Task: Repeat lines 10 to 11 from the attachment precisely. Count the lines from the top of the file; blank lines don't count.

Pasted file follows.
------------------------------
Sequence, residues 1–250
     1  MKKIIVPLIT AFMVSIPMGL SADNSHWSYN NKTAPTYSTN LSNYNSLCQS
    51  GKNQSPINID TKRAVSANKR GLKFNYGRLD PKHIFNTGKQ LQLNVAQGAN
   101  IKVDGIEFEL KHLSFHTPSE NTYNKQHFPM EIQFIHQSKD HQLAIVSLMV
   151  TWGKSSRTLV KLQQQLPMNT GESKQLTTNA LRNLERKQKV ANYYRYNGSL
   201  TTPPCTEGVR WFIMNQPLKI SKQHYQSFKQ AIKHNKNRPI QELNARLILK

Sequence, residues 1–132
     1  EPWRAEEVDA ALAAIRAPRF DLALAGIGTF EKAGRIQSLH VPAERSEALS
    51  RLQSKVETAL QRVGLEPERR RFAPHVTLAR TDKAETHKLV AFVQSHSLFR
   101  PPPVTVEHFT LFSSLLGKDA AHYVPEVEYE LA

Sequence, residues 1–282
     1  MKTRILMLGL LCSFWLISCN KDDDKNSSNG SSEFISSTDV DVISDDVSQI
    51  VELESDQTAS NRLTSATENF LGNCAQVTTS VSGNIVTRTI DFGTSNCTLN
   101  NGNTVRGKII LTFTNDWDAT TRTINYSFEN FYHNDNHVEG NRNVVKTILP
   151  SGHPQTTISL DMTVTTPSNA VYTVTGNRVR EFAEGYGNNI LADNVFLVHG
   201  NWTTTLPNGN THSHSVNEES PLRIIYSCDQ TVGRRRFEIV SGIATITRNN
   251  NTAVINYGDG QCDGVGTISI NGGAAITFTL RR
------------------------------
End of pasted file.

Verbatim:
   101  PPPVTVEHFT LFSSLLGKDA AHYVPEVEYE LA

Sequence, residues 1–282